As an alternative to employing an attorney, an agent can represent itself and sue an ISO in its own state in small claims court as a quick and easier way of obtaining a judgment. Conceivably, an agent could sue an ISO in state court every month when its residual was not paid. However, the general amount that an agent can sue for in small claims court is limited, often to $5,000. If the monthly residual is larger than that amount then the agent likely would be better off obtaining counsel to pursue its unpaid residual claim. In addition, as set forth above, even if the agent is successful in obtaining a judgment against the ISO, if the ISO is not located in the same state as the agent, the agent must go through the process of getting the judgment confirmed in the state where the ISO is located.

Arbitration Provisions

   Many agent contracts provide for arbitration as the means of resolving any disputes between the parties. The reason these arbitration provisions are placed in the agent agreements by ISOs is because they generally favor the ISOs. In the context of an arbitration proceeding, the ISO has a substantial advantage over the agent.
   Most arbitration provisions provide for the arbitration to be administered under the commercial rules of the American Arbitration Association ("AAA") which are available on the AAA's website. The detriment to an agent with these rules is that they do not allow for any discovery except by the agreement of the parties. Discovery, if done, allows the agent to obtain documents from the ISO, ask written questions of the ISO and take the deposition of witnesses. Since the AAA rules do not allow for discovery, the agent does not have the ability to obtain information from the ISO such as the processing volume and the residual that it is owed under the contract. Since the agent cannot obtain any information from the ISO, the agent is left with having to make an educated guess as to how much it is entitled to under the contract.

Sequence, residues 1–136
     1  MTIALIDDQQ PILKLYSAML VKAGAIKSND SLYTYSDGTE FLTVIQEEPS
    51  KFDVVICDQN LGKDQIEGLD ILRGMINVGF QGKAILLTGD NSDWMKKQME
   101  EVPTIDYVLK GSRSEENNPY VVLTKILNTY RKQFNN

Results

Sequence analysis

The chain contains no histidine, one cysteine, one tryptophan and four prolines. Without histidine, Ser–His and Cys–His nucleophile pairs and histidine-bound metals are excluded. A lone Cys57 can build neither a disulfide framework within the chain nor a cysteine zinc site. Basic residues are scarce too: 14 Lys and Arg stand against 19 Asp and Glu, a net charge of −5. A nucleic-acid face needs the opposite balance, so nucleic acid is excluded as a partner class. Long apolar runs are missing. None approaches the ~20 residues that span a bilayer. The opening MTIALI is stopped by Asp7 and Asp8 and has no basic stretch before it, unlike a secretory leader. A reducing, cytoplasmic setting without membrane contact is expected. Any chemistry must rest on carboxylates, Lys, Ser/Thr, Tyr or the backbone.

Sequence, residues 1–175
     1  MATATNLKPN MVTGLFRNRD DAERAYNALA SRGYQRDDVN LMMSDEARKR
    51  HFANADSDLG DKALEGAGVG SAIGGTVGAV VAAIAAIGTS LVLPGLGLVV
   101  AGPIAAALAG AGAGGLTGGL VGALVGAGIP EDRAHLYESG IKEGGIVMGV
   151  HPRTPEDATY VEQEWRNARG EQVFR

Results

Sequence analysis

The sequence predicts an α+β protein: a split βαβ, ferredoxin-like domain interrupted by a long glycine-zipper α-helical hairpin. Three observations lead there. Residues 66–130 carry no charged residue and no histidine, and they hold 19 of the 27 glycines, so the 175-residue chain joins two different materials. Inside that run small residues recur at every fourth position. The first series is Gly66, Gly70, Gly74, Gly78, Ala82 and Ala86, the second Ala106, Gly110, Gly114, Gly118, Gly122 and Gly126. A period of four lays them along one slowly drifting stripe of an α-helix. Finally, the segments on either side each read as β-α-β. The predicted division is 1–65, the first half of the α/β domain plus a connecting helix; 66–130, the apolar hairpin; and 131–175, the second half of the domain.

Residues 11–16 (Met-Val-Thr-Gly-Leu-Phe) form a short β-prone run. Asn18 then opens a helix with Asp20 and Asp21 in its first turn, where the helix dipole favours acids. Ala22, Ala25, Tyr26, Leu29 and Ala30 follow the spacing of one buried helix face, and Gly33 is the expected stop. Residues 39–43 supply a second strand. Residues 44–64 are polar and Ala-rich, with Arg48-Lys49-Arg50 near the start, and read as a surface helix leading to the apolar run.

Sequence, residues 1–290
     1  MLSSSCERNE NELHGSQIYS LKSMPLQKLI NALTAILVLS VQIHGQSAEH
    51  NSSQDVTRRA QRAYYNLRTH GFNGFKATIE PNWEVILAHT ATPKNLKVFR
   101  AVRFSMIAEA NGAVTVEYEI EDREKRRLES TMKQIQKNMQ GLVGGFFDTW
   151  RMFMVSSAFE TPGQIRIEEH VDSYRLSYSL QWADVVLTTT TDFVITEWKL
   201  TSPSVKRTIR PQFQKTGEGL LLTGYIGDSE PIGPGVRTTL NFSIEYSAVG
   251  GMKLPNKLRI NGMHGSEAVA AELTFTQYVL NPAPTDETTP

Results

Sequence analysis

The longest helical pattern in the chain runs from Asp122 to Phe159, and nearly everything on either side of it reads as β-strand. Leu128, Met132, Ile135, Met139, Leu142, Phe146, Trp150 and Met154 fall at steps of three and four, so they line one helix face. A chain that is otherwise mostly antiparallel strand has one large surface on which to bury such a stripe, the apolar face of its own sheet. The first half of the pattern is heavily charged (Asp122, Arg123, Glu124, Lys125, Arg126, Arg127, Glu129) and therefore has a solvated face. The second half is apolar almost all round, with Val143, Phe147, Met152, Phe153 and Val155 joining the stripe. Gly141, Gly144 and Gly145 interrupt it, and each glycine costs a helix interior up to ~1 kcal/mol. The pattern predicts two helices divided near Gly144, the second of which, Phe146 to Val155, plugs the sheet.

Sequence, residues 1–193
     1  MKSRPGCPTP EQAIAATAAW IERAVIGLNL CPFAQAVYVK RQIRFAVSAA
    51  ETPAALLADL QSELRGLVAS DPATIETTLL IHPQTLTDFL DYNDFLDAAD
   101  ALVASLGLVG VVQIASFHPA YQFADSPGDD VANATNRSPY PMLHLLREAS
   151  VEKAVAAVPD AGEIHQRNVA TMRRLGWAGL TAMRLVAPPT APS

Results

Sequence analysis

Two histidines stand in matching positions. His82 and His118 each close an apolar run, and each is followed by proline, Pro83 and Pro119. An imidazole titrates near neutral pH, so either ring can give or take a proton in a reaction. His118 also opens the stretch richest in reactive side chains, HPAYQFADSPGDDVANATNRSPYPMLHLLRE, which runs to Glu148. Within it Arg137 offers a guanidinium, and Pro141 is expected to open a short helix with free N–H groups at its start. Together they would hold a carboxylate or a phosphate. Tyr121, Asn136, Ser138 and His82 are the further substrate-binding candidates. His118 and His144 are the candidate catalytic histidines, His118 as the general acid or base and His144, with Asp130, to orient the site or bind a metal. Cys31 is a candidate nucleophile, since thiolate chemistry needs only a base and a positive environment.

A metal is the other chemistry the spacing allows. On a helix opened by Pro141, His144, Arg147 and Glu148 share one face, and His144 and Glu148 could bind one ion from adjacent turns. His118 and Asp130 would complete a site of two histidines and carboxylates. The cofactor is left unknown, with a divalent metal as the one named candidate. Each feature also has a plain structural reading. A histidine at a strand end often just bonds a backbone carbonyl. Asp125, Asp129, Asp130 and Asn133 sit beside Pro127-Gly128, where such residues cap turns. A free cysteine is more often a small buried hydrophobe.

The leaves the agent in a situation where, without being able to obtain any discovery, it has to engage in an arbitration hearing with a distinct disadvantage due to a lack of relevant evidence to support its claims. The agent is limited to presenting the information that it has in its possession and any additional information that it can extrapolate from its prior residual payments. The ISO on the other hand has access to all the reporting information regarding the agent's merchants and can introduce that information into evidence or choose not to do so. At the conclusion of an arbitration (usually lasting less than a day), the arbitrators will determine the amount of unpaid residuals, if any, that will be awarded to the agent. Overall, the arbitration process handicaps the agent to the extent that it does not allow for a full investigation of the facts. In addition, the informal nature of the proceedings oftentimes leads to lesser awards than would be likely in a litigation setting.
   Overall, it is very difficult for an agent to recover any unpaid residuals. Unless the amount in controversy is substantial, it generally does not make business sense for an agent to incur a large attorneys fee bill to try and collect its residual. My experience has been that most agents, when faced with the option of either incurring additional fees to try and recover their residuals or just walking away, choose to not pursue the matter.

** The information contained herein is for informational purposes only and should not be relied upon in reaching a conclusion in a particular area. The legal principles discussed herein were accurate at the time this article was authored but are subject to change. Please consult an attorney before making a decision using only the information provided in this article.